Lack of reforms: Important economic reforms have been few in coming – the privatization of the government-run mail service Japan Post began in 2007, but last year, the current government halted any future sales of Japan Post shares. The onslaught of globalization and greater integration in the global economy has also posed many challenges for Japan. While Japan has long been the undisputed leader in the manufacturing domain, the forces of liberalization and lowering of trade barriers across the globe have resulted in an intensely competitive environment constituted largely by emerging economies the world over.

Demographic Deficit: Of all the problems that Japan faces, perhaps none is as pressing as the rapid aging of its population. Japan has been facing an unprecedented shrinking of its working-age population over the last decade. The problems for Japan are many fold in this regard as the decline in working age population of the country will continue unabated over the next four decades. As Japan entered the Meiji period in late 1860’s, the country threw away its inward-looking feudal system and adopted a more open society.

Japan’s Population by age group since 1930

It opened its borders and began industrializing the nation. For the next seven decades, until the 1940’s, Japan’s population grew at a steady pace. However, in the 1950’s as economic opportunities grew for Japan’s masses, the country’s fertility began to decline as more women joined the workforce. By the 1980’s Japan’s fertility had fallen to around 1.5. Currently, Japan’s fertility is 1.2 children per women. This means most women in Japan give birth to no more than one child in their life time.

On the other hand longevity of Japan’s people has risen to such a great level that average life expectancy in Japan has touched 83 years. This means trouble for the country from both the ends of the demographic spectrum. While there are more elderly people, there are fewer young ones to support them. Japan’s working age population, which rose to a high of 87 million in 1995 from 50 million in the 1950’s, has since started falling.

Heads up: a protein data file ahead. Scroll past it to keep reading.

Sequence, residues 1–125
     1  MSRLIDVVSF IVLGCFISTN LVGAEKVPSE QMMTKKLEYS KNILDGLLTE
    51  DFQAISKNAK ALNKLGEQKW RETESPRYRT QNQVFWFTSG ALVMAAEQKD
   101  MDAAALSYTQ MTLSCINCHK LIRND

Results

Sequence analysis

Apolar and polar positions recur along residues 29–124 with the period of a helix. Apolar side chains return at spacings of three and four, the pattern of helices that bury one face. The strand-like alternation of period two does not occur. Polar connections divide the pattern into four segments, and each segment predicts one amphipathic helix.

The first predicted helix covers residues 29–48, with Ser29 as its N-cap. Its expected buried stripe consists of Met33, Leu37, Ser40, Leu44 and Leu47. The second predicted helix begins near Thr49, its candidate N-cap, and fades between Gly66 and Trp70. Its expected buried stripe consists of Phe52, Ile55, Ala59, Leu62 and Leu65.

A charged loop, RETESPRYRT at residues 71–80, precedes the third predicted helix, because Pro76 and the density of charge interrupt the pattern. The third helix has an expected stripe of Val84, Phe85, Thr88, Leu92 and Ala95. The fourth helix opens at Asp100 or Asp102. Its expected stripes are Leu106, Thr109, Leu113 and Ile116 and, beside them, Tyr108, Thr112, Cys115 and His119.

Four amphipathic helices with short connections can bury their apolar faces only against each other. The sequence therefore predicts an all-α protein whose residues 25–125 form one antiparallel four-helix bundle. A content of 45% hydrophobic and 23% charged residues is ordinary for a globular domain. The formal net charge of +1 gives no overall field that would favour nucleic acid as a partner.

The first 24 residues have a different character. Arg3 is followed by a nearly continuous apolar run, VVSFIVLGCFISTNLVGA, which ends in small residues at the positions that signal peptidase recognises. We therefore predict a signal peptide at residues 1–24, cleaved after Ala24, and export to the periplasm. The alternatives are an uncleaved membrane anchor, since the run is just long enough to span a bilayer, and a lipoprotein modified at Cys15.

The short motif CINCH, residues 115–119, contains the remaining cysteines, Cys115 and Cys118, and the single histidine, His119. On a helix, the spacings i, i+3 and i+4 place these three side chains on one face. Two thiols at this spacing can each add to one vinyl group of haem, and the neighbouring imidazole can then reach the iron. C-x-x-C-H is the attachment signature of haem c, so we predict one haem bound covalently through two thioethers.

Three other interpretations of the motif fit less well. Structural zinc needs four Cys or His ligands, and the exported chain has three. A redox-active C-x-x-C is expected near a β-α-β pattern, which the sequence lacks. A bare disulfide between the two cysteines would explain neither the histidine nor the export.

The country’s current working age population is around 80 million. This figure is expected to fall to 50 million in 2050 and will equal the number of working age population a hundred years ago in 1950. By 2030, over 30% of the country’s population is expected to be over 65.

Fiscal health: Japan’s fiscal health continues to cause concern. An alarming public debt, the largest among developed countries, forced Naoto Kan to propose several fiscal austerity measures, which include a rise in sales tax (a hugely unpopular move), and a plan to restrict bond sales. The International Monetary Fund (IMF) estimates the country’s public debt at around 215% of its GDP.

Lack of diversification: Japanese firms, which have been global leaders in manufacturing, will also need to actively diversify their operations, especially into services; or alternatively, outsource certain business operations to retain cost competitiveness in the world markets.

Weak domestic spending: Domestic consumption has been anemic, and trying to force the notoriously thrifty Japanese to spend during an uncertain economic period will be a task for Naoto Kan’s government.

Financial crisis: Lingering effects of the financial crisis continue to hover, especially in southern Europe and there is uncertainty about the extent of the economic recovery in the U.S. Given that scenario, Japan remains heavily dependent on Asian economies for future economic growth.

Labor woes: The OECD also recommends that Japan increase growth in the services sector by enhancing labor productivity. Labor productivity in Japan, the organization estimates, is 30% below the U.S. level.

Can the Japanese sun rise again?

A Japanese bullet train

An icon of the Japanese spirit to excel, the Shinkansen or the Bullet train, is the world’s first high-speed train, introduced in Japan in 1964. It is an inter-city train that runs at an average speed of over 160 miles per hour.

Japan is a resilient country, with an undying spirit to excel. With renewed vigor, the nation has ascended to glorious heights after each setback that it has encountered. While the first half of the 20th century was a witness to its emergence as a contemporary global power, as well as its subsequent virtual destruction, the latter half saw the country’s spectacular ascent yet again, scaling the global economic landscape. The onset of the 21st century saw the country battle a protracted recession. Bigger challenges also await Japan as the country will come to terms with the demographic issues it faces. The earthquake of 2011 has also setback Japan’s economy by a few quarters. These are turbulent times for Japan. Perhaps the country’s most challenging time ever, economically. But the country, despite all its travails remains a colossal economic force thanks to the material wealth it accumulated over the centuries. If there ever was a country known to weather storms, it is Japan. Yet, only time will tell if the Japanese sun can rise again from the ashes of its latest economic challenges.